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Re: New Titanosaur (Maxakalisaurus) from Brazil

Matias Soto wrote:

Nope, Andesauridae has been recognized as a paraphyletic assemblage of basal titanosaurs. Of the "andesaurids" you mentioned, *Andesaurus* is the single non-titanosaurid titanosaur. In fact, one of the purported synapomorphies (presence of hyposphene-hypanthrum) has been shown to be lacking in *Argentinosaurus* (i.e., *Argentinosaurus* shares with other "titanosaurids"/lithostrotians, or derived titanosaurs, the character-state "hyposphene-
hypanthrum absent)".

Yes, that's true. The confusion arose from the fact that _Argentinosaurus_ does show accessory articulations between the dorsal vertebrae. These were originally interpreted at hyposphene-hypantrum articulations. However, later studies regarded these accessory intervertebral articulations of _Argentinosaurus_ as something different (and non-homologous): modified centropostzygapophyseal laminae, not hyposphene-hypantra (Salgado and Martínez, 1993; Sanz et al., 1999; Martinez et al., 2004) .

_Andesaurus_ and _Epachthosaurus_ have hyposphene-hypantra articulations in their posterior dorsals, and in the latter (but not _Andesaurus_) they extend into the tail. These are not present in more derived titanosaurs.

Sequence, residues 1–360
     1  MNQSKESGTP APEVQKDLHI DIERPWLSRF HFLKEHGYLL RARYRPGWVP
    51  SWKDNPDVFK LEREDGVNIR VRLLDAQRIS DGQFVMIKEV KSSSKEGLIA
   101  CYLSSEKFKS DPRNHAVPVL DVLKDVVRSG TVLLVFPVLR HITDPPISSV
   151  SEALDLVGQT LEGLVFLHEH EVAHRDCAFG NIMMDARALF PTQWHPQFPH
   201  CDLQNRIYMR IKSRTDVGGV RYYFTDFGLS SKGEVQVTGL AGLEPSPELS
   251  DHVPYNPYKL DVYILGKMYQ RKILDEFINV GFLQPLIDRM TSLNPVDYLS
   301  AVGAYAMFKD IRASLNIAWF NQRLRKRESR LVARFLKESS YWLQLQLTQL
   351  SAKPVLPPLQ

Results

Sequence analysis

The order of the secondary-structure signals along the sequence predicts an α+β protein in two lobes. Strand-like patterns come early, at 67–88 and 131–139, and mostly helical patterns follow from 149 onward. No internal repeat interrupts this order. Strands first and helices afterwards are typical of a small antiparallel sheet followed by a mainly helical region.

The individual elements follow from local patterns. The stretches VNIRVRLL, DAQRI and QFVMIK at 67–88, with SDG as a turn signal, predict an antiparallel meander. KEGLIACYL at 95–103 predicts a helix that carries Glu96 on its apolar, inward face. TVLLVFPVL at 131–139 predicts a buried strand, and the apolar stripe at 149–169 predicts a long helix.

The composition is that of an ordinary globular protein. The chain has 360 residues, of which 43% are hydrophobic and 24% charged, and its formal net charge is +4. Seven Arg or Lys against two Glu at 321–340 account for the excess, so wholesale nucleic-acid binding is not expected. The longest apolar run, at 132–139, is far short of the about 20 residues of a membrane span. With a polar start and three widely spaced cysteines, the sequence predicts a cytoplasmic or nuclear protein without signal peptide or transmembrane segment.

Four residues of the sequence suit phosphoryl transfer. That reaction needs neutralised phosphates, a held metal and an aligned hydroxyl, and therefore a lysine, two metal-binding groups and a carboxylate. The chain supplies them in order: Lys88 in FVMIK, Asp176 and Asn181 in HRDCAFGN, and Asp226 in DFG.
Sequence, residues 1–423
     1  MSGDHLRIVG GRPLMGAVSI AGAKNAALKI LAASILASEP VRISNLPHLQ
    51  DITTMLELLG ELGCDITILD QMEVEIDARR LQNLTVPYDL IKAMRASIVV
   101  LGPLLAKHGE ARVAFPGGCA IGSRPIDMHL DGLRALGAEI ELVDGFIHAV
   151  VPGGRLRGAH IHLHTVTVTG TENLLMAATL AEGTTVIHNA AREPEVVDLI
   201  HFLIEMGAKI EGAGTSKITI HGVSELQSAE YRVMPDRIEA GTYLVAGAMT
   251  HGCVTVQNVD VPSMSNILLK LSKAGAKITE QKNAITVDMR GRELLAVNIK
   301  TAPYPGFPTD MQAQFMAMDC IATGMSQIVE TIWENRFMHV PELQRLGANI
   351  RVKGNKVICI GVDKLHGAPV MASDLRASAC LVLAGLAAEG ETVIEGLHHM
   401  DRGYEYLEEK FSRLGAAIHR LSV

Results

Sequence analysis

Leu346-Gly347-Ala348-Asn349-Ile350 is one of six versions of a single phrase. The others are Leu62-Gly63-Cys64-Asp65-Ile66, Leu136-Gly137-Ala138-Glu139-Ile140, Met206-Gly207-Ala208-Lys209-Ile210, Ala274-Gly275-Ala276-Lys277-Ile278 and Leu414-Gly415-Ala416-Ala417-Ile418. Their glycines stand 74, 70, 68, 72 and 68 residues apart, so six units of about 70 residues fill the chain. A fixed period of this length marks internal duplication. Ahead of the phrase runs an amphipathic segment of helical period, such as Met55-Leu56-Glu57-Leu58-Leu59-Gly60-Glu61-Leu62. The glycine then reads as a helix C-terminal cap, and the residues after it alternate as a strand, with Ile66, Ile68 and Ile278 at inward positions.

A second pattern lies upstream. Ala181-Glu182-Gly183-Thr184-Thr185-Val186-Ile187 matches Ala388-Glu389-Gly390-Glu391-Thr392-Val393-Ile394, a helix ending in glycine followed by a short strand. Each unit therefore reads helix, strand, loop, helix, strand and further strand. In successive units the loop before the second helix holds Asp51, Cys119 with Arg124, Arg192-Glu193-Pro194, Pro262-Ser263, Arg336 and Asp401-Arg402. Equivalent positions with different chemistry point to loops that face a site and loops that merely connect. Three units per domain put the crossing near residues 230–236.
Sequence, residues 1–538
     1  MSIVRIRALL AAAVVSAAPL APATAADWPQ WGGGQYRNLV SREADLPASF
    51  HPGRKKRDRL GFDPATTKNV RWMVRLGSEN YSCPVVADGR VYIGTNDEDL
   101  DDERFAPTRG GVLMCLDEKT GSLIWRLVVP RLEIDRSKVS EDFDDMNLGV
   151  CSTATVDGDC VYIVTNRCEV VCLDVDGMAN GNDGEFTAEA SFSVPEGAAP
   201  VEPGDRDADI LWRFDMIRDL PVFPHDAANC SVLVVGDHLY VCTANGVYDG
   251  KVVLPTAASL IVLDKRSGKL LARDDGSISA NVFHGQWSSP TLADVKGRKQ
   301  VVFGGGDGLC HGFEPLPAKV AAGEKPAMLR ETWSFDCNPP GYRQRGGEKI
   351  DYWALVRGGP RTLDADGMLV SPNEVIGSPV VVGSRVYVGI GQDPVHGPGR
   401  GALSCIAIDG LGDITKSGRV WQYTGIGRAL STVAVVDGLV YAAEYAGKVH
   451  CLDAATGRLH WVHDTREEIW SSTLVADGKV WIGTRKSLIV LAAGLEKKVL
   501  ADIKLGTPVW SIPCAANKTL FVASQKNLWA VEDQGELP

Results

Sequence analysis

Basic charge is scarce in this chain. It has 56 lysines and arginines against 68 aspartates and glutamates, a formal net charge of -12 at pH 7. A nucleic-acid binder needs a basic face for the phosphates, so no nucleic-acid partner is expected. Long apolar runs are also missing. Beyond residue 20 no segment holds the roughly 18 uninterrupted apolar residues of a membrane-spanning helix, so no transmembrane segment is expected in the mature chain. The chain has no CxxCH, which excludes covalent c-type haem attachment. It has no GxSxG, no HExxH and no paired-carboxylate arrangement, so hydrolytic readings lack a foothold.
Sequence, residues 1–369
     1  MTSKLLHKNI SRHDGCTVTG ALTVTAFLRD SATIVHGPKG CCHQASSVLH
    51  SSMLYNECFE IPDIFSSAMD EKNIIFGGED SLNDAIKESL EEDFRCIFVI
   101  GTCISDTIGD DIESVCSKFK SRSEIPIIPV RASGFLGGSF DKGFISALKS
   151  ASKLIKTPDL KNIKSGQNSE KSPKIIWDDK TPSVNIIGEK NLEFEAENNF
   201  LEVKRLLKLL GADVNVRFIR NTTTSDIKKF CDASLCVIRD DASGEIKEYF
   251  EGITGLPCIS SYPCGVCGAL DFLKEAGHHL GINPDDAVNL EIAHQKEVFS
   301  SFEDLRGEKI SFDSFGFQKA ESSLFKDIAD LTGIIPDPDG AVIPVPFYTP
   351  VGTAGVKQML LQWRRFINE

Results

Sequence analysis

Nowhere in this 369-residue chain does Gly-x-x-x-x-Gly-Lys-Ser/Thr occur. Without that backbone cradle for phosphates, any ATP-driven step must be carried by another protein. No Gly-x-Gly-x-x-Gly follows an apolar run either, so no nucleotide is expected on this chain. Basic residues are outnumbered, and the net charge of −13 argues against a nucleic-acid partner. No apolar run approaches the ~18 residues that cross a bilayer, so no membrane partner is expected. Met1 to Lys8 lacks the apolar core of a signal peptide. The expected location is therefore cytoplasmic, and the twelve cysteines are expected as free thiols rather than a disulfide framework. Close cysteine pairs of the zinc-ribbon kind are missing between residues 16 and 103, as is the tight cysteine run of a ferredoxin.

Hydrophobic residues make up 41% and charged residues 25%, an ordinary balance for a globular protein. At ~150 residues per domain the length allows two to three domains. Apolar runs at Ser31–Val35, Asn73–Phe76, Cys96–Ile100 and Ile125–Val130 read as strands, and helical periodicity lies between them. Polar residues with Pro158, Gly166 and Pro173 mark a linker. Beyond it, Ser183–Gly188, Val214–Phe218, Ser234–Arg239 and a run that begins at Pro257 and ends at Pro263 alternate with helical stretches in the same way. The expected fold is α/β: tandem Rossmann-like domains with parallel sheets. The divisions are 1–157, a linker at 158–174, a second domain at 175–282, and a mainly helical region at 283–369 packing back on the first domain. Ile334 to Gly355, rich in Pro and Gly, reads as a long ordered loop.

*Epachthosaurus*, in turn, it is one of the most basal titanosaurid with procoelous mid and posterior caudal vertebrae (differing in this respect from *Andesaurus*, whose mid and posterior caudals are amphyplatyan).

Fortunately, _Epachthosaurus_ is known from most of the postcranial skeleton, making it very helpful for understanding basal titanosaur anatomy. Martinez et al. (2004) regarded _Epachthosaurus_ as more derived than _Andesaurus_, and the presence of strongly procoelous mid and posterior caudal vertebrae would probably indicate this.

Nevertheless, this "key" titanosaurid character ("procoelous middle-posterior caudals") may be more labile than previously thought. After all, titanosaurs show an impressive range of caudal morphologies (procoelous, amphicoelous, opisthocoelous, etc), and it seems that the opisthocoelous condition might have arisen directly from the procoelous condition more than once. So maybe the procoelous condition arose from the amphiplatyan condition more than once too? In other words, titanosaur evolution may be more complicated than previously thought.